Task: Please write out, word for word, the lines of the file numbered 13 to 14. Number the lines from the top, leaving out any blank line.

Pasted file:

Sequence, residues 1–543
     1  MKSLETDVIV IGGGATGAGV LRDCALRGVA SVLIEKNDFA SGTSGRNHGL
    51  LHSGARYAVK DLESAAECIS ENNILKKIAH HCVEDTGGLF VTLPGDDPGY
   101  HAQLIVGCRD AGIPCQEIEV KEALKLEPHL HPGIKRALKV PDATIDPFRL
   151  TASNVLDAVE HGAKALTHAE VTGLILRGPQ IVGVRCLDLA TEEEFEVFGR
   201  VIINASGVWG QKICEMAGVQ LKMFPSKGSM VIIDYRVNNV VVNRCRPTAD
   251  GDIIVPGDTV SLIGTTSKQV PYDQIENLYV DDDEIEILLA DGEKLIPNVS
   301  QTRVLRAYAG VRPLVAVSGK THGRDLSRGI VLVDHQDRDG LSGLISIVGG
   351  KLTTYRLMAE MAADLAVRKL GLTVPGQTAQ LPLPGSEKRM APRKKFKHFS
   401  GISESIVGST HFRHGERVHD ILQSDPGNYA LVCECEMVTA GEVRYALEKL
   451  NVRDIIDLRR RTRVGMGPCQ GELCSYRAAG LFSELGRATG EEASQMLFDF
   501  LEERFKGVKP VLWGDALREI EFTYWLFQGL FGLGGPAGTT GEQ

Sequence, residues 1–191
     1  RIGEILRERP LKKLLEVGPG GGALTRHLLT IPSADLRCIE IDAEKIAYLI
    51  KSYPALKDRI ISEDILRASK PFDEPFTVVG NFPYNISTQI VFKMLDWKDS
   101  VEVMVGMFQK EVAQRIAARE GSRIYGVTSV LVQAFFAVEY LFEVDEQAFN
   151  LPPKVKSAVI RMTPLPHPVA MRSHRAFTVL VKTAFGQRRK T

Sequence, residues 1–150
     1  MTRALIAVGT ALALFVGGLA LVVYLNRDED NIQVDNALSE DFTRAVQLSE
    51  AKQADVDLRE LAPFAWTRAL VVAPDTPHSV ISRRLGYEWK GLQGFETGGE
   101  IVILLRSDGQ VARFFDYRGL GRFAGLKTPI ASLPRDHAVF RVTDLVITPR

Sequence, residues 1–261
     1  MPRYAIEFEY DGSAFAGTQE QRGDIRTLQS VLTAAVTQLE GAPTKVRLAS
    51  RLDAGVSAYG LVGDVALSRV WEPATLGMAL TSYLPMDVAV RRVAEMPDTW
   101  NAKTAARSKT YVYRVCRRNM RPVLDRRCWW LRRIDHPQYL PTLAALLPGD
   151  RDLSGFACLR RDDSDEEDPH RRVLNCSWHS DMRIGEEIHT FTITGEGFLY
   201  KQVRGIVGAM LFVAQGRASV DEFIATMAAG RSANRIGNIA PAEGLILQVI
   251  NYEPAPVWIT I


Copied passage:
Sequence, residues 1–191
     1  RIGEILRERP LKKLLEVGPG GGALTRHLLT IPSADLRCIE IDAEKIAYLI